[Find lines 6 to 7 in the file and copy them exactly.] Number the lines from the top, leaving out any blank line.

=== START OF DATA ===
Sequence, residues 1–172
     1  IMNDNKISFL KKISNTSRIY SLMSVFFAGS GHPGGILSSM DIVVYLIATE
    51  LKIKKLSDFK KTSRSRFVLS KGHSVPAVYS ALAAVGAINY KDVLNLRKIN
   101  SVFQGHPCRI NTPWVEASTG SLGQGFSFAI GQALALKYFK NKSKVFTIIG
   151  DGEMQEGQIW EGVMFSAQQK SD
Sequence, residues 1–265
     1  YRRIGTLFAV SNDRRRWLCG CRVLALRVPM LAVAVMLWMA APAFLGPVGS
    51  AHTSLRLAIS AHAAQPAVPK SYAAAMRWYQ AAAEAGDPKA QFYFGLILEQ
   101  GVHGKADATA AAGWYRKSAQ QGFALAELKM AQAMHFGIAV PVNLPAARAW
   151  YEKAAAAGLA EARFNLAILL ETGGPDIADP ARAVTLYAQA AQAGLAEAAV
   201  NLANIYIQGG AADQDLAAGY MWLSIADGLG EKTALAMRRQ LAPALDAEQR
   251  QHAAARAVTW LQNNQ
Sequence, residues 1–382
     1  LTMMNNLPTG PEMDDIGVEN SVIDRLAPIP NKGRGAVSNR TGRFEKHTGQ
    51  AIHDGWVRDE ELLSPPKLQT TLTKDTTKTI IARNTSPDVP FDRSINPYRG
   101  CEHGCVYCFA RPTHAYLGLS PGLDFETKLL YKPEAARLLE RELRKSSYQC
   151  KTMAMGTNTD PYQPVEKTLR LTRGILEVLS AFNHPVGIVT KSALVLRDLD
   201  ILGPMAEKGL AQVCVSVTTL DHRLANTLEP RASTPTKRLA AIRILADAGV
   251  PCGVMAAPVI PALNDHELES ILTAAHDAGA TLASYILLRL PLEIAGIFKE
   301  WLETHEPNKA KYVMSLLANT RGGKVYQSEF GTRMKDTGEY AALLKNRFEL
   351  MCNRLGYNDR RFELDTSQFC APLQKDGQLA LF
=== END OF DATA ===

Sequence, residues 1–265
     1  YRRIGTLFAV SNDRRRWLCG CRVLALRVPM LAVAVMLWMA APAFLGPVGS